Coordinated Community Responses to Domestic Violence in Six Communities: Beyond the Justice System. New Staff and In-Service Training


Training is important for new staff who will come into contact with battered women and domestic violence issues. This training can improve their sensitivity and awareness, even if they do not routinely encounter cases of domestic violence through their jobs. In fact, some communities are considering ways to address domestic violence in the workplace on a larger scale, since the problem is so widespread.

In our sites, new police recruits typically receive some training in domestic violence while at the police academy. For example, since the mid-1980s, California has required all police officers in the state to have some training in domestic violence. New recruits in San Francisco receive 16 hours of domestic violence training at the academy. People in several sites stressed the need for additional in-service training on domestic violence beyond what is provided to new recruits. Since new officers receive a tremendous amount of information at the Academy and have little context for understanding domestic violence (i.e., they have not yet been out on a domestic violence call), the impact of the initial training may fall short. Ongoing training is also important in the domestic violence field because laws and policies are frequently changing and turnover among staff is often high.

The extent of ongoing training for law enforcement varied widely across the sites. In San Francisco, officers receive a total of 40 hours of in-service training every two years, three hours of which is devoted to domestic violence. This training covers domestic violence laws and the penal code, restraining orders, and the cycle of violence. Kansas City, on the other hand, has not done in-service domestic violence training for several years. One person felt that this was because of other competing issues, and also because domestic violence training is less important since the special unit investigates these cases.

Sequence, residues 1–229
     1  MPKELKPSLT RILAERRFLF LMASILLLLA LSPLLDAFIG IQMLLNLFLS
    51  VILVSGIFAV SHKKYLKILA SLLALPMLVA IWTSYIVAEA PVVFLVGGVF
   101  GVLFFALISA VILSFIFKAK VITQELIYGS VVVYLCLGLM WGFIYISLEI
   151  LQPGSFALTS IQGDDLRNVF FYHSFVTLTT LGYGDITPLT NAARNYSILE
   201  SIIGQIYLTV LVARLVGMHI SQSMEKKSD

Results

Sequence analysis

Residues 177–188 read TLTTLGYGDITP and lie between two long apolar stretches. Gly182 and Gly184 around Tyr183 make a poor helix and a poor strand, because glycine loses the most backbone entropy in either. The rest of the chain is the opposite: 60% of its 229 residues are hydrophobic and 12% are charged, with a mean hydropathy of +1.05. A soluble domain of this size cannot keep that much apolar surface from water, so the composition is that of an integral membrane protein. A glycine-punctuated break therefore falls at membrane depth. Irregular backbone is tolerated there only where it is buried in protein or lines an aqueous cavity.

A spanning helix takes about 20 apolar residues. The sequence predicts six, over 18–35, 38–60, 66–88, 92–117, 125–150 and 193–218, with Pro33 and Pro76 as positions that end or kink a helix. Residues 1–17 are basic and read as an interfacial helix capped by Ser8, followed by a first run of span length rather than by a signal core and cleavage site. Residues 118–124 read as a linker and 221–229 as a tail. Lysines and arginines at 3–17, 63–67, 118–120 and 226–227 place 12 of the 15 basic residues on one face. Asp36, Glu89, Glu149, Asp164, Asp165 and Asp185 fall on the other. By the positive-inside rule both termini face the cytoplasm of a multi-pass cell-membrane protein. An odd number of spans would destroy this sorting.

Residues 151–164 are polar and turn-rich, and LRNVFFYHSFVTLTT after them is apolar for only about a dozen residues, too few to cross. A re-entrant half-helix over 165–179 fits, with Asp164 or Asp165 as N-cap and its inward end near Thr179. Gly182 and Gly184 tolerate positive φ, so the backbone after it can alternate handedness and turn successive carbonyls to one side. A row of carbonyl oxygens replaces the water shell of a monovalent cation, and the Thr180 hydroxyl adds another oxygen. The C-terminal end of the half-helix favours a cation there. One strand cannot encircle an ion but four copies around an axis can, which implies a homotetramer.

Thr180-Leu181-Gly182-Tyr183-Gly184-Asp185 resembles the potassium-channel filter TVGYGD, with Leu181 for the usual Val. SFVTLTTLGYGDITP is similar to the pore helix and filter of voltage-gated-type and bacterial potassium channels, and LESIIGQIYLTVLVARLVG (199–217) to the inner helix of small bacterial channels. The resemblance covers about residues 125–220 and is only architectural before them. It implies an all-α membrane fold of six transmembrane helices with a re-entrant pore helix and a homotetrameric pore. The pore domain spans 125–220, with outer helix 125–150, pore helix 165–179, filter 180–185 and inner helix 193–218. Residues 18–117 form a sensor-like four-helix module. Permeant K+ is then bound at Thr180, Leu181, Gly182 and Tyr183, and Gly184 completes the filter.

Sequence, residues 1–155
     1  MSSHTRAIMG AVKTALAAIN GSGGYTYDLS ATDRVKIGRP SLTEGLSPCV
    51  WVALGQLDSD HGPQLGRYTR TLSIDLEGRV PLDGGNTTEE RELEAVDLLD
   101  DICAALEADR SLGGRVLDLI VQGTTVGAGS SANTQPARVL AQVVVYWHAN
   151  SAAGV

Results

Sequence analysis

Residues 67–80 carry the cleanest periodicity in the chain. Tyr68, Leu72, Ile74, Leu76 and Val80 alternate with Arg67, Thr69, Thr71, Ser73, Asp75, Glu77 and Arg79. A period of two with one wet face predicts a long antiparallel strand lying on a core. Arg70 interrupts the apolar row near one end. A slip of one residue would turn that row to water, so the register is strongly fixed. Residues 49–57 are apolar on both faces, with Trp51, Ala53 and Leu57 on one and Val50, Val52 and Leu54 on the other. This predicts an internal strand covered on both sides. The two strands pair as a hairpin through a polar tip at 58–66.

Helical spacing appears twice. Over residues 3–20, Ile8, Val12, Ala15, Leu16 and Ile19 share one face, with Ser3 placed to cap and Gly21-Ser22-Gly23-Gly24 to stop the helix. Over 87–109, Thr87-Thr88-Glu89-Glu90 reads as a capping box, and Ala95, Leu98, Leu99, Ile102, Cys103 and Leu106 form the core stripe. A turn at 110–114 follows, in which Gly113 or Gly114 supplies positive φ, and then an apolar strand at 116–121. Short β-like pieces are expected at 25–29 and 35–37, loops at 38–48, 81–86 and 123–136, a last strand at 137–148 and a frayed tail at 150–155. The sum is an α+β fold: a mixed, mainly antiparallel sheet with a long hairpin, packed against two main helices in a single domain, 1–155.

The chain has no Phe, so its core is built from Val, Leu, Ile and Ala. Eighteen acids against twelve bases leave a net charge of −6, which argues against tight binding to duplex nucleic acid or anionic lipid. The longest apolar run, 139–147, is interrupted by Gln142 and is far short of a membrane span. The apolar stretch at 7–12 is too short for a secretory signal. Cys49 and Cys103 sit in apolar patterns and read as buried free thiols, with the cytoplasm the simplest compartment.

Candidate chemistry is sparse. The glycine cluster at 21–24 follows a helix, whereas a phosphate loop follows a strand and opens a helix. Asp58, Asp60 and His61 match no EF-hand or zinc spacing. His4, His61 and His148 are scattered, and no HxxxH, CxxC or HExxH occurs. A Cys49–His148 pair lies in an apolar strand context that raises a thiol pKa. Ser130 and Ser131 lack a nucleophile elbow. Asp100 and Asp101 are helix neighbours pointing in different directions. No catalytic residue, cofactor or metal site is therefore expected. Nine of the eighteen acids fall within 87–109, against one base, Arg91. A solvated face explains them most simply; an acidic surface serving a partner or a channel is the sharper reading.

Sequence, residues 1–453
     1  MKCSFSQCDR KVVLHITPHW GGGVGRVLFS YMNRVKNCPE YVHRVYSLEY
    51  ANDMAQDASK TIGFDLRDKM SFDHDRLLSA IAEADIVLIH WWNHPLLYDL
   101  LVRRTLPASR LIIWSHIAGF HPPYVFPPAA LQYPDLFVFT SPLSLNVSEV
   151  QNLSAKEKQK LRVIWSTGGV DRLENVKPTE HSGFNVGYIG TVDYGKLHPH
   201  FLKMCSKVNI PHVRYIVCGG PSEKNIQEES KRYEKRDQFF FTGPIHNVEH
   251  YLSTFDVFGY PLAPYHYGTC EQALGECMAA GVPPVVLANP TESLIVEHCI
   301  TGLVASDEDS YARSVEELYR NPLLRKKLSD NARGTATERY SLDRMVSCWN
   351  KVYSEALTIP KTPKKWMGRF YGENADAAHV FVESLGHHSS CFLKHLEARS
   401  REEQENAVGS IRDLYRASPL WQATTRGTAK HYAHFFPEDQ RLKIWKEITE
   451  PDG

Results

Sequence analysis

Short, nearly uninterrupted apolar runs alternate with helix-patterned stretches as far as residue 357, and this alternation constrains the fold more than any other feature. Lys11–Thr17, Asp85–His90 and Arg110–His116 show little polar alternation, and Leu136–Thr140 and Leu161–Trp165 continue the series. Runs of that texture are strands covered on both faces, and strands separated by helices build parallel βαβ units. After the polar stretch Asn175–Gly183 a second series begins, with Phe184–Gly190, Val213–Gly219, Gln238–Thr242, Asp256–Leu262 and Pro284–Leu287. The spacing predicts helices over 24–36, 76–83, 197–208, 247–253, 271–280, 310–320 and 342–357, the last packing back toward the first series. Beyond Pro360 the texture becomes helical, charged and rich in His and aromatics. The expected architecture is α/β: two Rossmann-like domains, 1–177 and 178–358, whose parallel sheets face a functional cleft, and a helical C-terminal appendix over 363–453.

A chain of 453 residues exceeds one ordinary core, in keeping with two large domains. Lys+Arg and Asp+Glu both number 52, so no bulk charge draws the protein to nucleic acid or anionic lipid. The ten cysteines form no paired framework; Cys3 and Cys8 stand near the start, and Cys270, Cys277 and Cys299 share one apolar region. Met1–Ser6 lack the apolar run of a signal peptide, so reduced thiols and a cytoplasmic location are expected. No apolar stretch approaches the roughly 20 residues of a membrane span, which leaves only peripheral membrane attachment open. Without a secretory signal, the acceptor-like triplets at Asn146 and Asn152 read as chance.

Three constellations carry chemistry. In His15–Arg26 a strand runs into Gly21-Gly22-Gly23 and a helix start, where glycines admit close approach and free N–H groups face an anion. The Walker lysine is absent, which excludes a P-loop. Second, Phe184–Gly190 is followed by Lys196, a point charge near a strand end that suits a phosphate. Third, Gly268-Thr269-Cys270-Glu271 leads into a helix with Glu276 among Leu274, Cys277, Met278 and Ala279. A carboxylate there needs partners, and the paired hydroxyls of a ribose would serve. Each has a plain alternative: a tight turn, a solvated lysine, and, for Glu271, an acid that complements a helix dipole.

Staff may also acquire training through continuing education. Some professions require people in the field to complete a certain number of hours of education annually to keep their certification current. Domestic violence-related course work may be used to fulfill these requirements. For example, in Minnesota, probation officers are required to complete a certain number of credits each year and sometimes use domestic violence course work to meet these requirements. Some professional associations offer course work related to domestic violence through their own continuing education programs. These provide opportunities for people from different communities to hear how others are addressing domestic violence issues. Training done by other agencies, advocates, and experts in the field that also meets continuing education requirements can provide incentives for staff to attend these trainings.